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Keynote review: Is declining innovation in the pharmaceutical industry a myth?

Strategic Management Group, Laboratories, Pfizer Global Research and Development, Sandwich, Kent, UK.
Drug Discovery Today (Impact Factor: 5.96). 09/2005; 10(15):1031-9. DOI: 10.1016/S1359-6446(05)03524-5
Source: PubMed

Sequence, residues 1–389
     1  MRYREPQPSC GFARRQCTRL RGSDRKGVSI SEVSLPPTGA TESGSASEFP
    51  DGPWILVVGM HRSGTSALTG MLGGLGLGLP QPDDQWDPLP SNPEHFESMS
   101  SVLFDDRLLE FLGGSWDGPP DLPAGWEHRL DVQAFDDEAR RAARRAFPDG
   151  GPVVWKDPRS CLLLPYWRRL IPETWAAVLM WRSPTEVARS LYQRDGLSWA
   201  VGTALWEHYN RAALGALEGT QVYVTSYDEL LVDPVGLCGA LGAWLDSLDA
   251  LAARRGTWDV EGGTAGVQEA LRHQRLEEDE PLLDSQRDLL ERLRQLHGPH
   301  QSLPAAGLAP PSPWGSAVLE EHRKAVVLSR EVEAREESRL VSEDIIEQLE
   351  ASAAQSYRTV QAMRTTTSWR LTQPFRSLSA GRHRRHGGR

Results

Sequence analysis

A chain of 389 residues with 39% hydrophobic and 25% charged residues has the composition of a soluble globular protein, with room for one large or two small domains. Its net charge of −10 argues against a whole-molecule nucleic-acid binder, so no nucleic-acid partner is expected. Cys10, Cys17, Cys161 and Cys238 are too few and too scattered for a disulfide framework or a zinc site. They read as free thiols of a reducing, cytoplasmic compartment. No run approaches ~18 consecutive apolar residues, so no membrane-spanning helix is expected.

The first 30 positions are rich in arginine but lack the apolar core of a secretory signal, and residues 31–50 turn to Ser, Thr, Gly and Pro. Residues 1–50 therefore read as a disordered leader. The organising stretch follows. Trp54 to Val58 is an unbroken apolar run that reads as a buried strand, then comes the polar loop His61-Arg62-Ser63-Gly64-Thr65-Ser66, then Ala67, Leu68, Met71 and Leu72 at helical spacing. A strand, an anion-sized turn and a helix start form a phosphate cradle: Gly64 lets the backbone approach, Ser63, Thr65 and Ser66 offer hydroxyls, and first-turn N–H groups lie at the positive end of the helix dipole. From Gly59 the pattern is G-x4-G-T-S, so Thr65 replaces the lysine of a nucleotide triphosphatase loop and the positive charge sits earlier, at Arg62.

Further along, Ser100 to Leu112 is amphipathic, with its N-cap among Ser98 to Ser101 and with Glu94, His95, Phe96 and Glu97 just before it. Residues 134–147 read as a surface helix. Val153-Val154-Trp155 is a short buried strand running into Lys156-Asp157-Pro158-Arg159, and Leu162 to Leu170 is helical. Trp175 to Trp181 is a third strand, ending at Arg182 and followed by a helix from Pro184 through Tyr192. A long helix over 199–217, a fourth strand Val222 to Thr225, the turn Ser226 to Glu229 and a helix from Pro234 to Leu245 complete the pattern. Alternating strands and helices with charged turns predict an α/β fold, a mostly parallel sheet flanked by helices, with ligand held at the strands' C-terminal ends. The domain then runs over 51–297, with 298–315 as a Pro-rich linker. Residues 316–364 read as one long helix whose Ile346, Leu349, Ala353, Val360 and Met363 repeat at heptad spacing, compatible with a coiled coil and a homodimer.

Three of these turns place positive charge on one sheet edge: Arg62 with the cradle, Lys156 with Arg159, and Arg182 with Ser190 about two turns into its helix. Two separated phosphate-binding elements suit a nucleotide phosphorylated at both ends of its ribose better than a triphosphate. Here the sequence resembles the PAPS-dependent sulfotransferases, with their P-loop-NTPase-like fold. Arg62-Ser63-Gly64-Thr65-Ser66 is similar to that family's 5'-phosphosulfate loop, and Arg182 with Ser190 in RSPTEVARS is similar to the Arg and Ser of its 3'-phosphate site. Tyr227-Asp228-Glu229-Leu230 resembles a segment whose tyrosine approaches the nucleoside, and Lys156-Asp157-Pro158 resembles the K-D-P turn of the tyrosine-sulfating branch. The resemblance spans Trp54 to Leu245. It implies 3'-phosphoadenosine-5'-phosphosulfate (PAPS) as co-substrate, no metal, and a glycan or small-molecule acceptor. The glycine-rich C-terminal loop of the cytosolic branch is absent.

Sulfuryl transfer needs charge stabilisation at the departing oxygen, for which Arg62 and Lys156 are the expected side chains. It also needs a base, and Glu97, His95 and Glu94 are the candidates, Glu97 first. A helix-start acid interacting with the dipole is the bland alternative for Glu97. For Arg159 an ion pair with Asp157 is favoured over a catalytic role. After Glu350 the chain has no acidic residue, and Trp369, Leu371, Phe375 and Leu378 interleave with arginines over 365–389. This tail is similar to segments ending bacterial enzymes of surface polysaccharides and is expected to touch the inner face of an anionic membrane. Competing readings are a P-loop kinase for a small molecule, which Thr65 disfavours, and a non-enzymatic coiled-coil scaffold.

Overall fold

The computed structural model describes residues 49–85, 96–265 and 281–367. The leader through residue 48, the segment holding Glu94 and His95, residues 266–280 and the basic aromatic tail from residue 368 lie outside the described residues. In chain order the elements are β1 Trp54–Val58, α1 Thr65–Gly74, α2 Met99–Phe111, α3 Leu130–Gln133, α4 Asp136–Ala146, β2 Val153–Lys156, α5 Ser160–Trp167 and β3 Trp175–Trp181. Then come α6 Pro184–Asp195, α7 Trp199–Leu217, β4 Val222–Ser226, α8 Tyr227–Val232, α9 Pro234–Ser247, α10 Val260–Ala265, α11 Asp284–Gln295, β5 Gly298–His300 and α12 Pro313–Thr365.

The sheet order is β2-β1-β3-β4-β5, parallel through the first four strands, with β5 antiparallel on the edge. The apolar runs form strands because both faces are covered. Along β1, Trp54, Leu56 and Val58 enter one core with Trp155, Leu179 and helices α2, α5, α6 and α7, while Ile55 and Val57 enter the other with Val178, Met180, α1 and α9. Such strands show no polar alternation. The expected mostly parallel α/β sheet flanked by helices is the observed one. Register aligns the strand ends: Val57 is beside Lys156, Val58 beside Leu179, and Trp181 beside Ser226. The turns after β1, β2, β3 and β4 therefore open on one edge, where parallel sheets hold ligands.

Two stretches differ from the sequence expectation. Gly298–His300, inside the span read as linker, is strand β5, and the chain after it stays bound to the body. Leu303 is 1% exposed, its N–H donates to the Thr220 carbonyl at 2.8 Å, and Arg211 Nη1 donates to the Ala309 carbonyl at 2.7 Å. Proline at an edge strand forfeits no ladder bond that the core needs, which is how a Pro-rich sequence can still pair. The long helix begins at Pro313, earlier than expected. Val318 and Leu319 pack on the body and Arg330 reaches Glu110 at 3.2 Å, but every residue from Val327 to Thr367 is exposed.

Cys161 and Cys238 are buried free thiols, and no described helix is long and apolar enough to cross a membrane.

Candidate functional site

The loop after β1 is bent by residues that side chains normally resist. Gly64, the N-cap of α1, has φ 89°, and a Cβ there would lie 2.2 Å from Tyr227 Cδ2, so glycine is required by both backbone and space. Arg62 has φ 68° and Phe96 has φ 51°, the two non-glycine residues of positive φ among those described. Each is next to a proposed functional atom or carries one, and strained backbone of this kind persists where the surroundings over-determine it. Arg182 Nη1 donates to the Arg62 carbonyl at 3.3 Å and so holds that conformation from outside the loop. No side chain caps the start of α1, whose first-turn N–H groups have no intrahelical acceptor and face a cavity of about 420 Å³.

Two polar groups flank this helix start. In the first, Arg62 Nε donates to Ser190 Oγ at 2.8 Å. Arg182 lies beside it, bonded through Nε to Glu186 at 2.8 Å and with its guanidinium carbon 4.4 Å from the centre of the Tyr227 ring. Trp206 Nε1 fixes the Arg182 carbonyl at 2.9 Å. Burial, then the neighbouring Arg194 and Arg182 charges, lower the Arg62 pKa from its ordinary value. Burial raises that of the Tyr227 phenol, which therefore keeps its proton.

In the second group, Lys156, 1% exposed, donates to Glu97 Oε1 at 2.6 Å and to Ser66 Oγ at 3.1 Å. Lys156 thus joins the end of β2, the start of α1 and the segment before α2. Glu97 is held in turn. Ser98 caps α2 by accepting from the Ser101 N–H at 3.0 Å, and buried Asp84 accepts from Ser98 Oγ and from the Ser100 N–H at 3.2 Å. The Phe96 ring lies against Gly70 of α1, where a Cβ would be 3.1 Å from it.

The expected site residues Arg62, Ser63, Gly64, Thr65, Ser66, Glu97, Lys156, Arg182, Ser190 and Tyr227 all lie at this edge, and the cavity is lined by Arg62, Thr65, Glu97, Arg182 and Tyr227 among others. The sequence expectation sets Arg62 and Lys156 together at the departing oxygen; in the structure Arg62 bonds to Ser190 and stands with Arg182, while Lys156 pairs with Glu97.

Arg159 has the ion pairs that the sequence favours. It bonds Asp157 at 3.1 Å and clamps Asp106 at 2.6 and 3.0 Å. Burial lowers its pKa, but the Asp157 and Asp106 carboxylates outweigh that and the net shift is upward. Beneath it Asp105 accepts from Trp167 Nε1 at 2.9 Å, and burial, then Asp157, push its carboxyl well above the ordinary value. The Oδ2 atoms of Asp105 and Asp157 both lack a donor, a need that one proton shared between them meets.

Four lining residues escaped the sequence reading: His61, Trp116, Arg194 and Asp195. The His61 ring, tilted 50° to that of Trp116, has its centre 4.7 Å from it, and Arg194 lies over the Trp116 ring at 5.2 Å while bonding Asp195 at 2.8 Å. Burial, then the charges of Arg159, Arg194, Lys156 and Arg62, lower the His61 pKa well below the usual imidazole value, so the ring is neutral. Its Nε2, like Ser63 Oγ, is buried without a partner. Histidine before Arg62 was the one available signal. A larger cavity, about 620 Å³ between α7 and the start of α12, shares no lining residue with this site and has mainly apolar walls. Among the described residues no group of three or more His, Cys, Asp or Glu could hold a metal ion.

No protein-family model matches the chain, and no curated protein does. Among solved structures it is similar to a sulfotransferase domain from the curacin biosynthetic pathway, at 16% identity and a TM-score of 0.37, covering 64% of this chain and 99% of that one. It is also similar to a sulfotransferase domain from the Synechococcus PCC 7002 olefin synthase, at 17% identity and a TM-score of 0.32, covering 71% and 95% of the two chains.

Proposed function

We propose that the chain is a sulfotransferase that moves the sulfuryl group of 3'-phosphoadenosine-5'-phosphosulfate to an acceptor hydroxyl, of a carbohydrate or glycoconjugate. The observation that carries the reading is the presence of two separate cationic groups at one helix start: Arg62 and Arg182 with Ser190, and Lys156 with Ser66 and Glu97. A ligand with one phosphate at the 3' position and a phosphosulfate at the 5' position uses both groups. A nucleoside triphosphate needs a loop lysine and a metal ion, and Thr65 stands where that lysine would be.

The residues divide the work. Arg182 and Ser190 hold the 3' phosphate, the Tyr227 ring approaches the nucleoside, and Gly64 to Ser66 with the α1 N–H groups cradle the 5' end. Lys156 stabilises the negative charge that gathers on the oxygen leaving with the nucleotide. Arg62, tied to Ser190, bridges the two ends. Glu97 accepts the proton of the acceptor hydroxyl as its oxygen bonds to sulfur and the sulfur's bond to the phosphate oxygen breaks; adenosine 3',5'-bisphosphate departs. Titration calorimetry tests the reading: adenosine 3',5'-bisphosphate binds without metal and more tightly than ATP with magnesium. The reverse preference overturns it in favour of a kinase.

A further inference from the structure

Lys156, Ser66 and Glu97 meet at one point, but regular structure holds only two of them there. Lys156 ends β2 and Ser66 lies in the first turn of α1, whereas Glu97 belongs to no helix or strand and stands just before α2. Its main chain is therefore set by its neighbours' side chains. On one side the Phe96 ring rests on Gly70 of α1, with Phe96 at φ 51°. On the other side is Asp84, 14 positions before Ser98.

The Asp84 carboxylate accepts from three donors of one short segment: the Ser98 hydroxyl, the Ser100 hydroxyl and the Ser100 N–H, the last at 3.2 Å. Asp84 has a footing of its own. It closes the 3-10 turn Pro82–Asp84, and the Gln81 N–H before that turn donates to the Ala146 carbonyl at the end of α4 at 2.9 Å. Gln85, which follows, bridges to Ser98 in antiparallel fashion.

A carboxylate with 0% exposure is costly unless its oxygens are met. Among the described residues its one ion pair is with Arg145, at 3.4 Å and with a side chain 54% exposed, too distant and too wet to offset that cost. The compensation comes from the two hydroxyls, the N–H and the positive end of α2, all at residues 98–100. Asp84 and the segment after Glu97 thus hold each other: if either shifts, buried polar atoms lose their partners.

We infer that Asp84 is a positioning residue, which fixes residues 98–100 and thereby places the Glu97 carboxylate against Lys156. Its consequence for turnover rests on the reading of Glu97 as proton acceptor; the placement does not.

ABSTRACT Increasing the rate of innovation is a requirement to achieve much-needed advances in patient care, as well as to secure the future of the pharmaceutical industry. Currently, there is a perception in the external environment that pharmaceutical R&D is no longer innovative, fails to bring new drugs to market or, at best, produces a rising number of 'me-too' drugs with no advantage over existing treatments. In addition, the cost to discover and develop new medicines (i.e. cost per launch) has risen dramatically in recent years. The quoted development cost per medicine is a reality, and is not disputed here. However, data are provided that demonstrate that with regard to innovation rates, the current perception is wrong - although there have been, and continue to be, fluctuations in drug launches, there has been a steady increase in the number of new chemical entities launched, both in absolute numbers of FDA-approved medicines and in the proportion of priority reviews.

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